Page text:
All of these things help to combat depression.

Acknowledge their feelings.

You don’t have to agree with them, but you do need to acknowledge them. When a teen is depressed they often feel like they are trying to slog through mud and fog. It’s hard to pinpoint feelings because everything feels “blah.” When they are able to pinpoint an emotion, validate it and work to keep the conversation going.

Avoid telling them what to do to “fix” the situation they are in.

Instead, ask them what they think they need to do. If they ask you for your thoughts, that’s the time to give some input. However, don’t give not too much because they can become overwhelmed quickly.

Work to help them avoid isolation and increase face time.

This is especially hard with COVID-19 factors at play. Be intentional about creating family time and encourage (don’t force) them to participate. Exercise with them. Look for activities they enjoy and do those things with them.

Limit screen time.

Many parents are tired of trying to take on this battle, but there is plenty of research indicating that lots of screen time can lead to depression. A recent study suggests that greater screen time—whether in the form of computers, cell phones, or tablets—may have contributed to a spike in depression and suicide-related behaviors and thoughts among American teens, particularly girls, between 2010 and 2015. Several studies show that when teens reluctantly agreed to give up screens for a week, they confessed at the end that they felt so much better without them.

Don’t be afraid to seek professional help.

As the parent, it is important to trust your gut if you feel your teen is depressed. If you don’t feel like anything you are doing is helping, seek assistance. You can go see someone or find someone for your teen to talk to. Having a depressed teen does not reflect poorly on you and your parenting skills. Adolescence is terribly complicated. Quarantine, COVID-19, no school, no summer camps or other activities has made it very hard on teens who are typically super social in nature.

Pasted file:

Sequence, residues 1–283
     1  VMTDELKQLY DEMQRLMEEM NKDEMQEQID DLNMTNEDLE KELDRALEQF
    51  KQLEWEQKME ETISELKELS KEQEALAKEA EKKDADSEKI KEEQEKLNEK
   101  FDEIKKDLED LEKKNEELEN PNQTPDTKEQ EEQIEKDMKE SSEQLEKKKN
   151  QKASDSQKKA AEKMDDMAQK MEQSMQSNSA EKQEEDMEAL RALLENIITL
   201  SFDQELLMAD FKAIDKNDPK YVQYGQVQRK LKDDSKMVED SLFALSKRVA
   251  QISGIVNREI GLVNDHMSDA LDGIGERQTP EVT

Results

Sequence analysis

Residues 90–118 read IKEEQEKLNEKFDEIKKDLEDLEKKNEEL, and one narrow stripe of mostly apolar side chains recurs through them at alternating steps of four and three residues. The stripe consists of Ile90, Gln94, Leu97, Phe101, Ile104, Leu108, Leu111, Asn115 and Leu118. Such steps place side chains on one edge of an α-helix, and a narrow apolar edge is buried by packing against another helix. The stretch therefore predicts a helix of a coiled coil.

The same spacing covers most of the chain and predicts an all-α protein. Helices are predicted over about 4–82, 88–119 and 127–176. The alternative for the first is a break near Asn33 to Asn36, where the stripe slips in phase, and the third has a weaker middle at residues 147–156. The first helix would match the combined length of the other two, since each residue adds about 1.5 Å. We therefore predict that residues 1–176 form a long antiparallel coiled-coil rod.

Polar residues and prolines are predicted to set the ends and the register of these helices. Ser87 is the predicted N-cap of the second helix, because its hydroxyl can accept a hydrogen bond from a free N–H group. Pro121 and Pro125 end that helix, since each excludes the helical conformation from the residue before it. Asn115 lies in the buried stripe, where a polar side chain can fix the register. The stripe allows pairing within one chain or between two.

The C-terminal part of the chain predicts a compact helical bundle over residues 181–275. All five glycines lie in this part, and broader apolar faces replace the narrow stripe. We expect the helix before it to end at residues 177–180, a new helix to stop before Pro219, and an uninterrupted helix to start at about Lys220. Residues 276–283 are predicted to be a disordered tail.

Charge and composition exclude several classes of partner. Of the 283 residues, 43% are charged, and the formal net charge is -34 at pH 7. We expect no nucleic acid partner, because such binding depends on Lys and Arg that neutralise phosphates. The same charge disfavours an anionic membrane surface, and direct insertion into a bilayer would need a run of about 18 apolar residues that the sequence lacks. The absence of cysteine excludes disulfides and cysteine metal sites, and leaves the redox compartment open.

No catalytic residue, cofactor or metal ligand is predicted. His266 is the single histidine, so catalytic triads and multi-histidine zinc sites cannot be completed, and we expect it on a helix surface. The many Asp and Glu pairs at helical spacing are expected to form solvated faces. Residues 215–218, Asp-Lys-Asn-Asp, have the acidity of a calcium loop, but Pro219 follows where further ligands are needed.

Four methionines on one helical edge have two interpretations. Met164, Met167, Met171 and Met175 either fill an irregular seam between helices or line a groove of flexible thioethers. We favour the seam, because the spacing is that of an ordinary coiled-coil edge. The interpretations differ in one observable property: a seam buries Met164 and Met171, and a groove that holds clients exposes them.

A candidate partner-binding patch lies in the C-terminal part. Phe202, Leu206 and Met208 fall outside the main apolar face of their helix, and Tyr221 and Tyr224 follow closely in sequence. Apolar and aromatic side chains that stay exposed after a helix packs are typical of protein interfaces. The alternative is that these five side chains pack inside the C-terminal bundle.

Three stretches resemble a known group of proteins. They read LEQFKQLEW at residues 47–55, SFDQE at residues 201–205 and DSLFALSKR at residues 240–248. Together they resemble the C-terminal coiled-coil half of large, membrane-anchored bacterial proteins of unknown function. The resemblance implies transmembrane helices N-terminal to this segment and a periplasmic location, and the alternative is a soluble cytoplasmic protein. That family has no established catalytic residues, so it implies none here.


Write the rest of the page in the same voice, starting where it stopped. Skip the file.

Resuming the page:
Dealing with depression in your teen can be exhausting on multiple levels. Not only are you interacting with your teen and questioning whether or not you are doing the right thing, but thoughts about what you are experiencing can consume every moment of your day and sometimes the night. Walking this road can feel isolating and lonely, so it is important to surround yourself with supportive people, seek help for yourself, educate yourself and take time away to regroup. 

I have good news and bad news if you disagree about parenting. First, the bad news. Marriage researcher, therapist, and author, Dr. John Gottman has found that there are several issues couples will NEVER 100% agree on. Parenting is one of them. One of you is probably all about tough love while the other is more permissive. Maybe one of you is all about the bedtime while the other is a little more lax in that area. Or perhaps one of you makes them eat everything on their plate while the other gives them more options on what they eat. 

It’s been that way since you’ve had kids and it’s probably not going to change.

Now, for the good news. Your child needs both of you—differences and all. When a couple learns how to work together through their differences, the marriage is stronger. Just as importantly, your children are better off for it. Kids need stable, loving parents—not perfect ones that agree on everything.

I know that sounds good and all. But how does that work? Let me say that I understand your challenges. My wife and I are the proud parents of seven kids and we couldn’t be more different in our approach to parenting. She’s more black and white when it comes to discipline. Actions lead to consequences. I’m the, “Let’s talk this through and understand it better” parent. She’s the parent who wants the four oldest kids to clean the kitchen together so they learn how to work with each other. I’m the divide and conquer. Two of you clean today and two of you clean tomorrow because I don’t want to hear fussing and arguing.

When my oldest daughter doesn’t tell the truth about something (I’m sure that’s a surprise that a 13-year-old doesn’t always tell the truth), often our instinctive approach is very different from one another. 

Why is it so important that you recognize the differences?

  • Marital Tension: Your different approaches, at times, cause dissension within your marriage. You can feel like your spouse is either too hard, too lenient, too strict, too passive, too trusting, or too controlling. Tension also may grow when you feel like your spouse is not supportive of your parenting efforts.
  • Leads to children manipulating parents: Children can pick up on division. And they will feed off of it to get their way. (We’ve seen that happen a few times.)